LEVS: Yes, it is. Again, good morning -- it's better than minimum wage. So you would have done this?

HOLMES: Are you kidding me? You really have to ask me this? Show up to study?

LEVS: I just think you're one of those big super smooth guys who was secretly getting A's and nobody knew it.

HOLMES: I was, but my parents made sure I only got like $1 for an A or something like that around report card time.

LEVS: See, some people got money at home. This is what we're hearing, like some people's parents gave them money --

HOLMES: This is hourly, though, man.

LEVS: And here it's not parents anymore. Now we're talking about the school doing it and that's what's so striking here. Even folks I'm talking to say they have never heard of anything like this. What we've got is a school paying kids not for getting good grades, but just for showing up.


LEVS (voice-over): Kids study to learn, get good grades, get into a good college, but should they study for money? At Creekside High near Atlanta, these kids are getting $8 an hour to be tutored in math and science.

Two times three --

LEVS: An experimental program targeting promising students with low grades.

ROBB PITTS, FULTON COUNTY COMMISSIONER: If we don't do something, we're doing a disservice to our children.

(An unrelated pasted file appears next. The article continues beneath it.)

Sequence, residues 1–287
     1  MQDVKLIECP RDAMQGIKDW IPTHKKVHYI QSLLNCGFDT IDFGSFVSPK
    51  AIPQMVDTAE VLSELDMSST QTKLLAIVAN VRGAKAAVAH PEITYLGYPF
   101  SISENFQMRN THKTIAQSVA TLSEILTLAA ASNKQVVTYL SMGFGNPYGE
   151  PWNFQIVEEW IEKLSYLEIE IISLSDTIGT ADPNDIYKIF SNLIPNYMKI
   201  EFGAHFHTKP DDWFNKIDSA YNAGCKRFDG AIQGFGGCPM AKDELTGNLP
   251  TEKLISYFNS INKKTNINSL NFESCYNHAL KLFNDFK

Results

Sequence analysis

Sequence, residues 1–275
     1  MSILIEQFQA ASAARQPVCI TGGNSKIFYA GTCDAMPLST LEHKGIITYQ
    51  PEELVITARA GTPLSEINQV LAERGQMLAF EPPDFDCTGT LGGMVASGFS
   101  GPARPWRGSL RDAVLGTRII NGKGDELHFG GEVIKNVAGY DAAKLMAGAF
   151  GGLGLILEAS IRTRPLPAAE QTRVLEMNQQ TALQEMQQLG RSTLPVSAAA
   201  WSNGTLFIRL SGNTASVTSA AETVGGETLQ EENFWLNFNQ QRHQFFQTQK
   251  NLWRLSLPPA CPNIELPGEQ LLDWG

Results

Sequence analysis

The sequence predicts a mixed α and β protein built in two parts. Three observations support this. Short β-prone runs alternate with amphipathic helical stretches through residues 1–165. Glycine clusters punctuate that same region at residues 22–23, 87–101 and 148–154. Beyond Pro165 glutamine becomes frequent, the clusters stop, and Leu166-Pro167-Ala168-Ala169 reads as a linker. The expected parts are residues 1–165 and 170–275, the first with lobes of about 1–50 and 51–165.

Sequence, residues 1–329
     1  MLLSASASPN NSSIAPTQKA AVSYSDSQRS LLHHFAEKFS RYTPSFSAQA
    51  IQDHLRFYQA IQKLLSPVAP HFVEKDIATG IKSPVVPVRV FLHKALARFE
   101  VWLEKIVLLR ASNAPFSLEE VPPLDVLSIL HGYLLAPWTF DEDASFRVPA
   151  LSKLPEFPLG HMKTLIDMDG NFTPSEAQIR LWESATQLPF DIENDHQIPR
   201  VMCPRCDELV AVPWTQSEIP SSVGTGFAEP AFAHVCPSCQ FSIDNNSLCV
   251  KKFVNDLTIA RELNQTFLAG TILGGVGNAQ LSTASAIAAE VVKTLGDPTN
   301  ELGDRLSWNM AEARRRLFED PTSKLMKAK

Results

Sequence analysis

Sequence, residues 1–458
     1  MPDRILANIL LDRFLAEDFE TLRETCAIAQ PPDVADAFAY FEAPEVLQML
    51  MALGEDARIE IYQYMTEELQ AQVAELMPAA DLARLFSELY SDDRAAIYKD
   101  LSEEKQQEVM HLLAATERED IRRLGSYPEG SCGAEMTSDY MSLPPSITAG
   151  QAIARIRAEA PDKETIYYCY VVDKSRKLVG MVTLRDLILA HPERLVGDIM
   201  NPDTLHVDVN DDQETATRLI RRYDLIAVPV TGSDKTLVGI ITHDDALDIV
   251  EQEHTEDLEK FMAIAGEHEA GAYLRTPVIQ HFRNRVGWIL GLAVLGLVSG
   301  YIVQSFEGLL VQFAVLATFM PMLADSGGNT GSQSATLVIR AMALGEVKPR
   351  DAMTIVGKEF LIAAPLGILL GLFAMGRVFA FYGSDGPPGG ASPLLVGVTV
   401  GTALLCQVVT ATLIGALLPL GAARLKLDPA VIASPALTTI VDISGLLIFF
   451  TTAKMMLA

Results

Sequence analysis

LEVS: The idea came from Newt Gingrich. There is no taxpayer money involved. His daughter heads a foundation sponsoring the program.

JACKIE CUSHMAN, LEARNING MAKES A DIFFERENCE: Is it the answer no, is it possible that it might work? Yes.

LEVS: Some people wrote the "Atlanta Journal-Constitution" calling the program unfair to kids who work hard to begin with and "one of the dumbest things I have ever heard." Some experts say it could make kids less interested in learning when they're not being paid.

ALFIE KOHN, AUTHOR, "PUNISHED BY REWARD": Rewards aren't just ineffective, they're counterproductive, and we've seen this over and over again.

LEVS: Some studies suggest rewards for grades or test scores may work, but these kids get paid for showing up. Two hours, twice a week. There are about 2,500 students at this school, but for this program, only 20 were chosen. As for the money --

PITTS: In many instances, these kids are working because whatever they earn, their families need that.

LEVS: Organizers say kids with jobs could cut back work hours, but for some --

ALEXIS YARGER, 11TH GRADER: The money doesn't really matter. I just need extra help in math.

LEVS: 14-year-old Jailyn Brown is in the same program at a nearby middle school, he has plans for the money.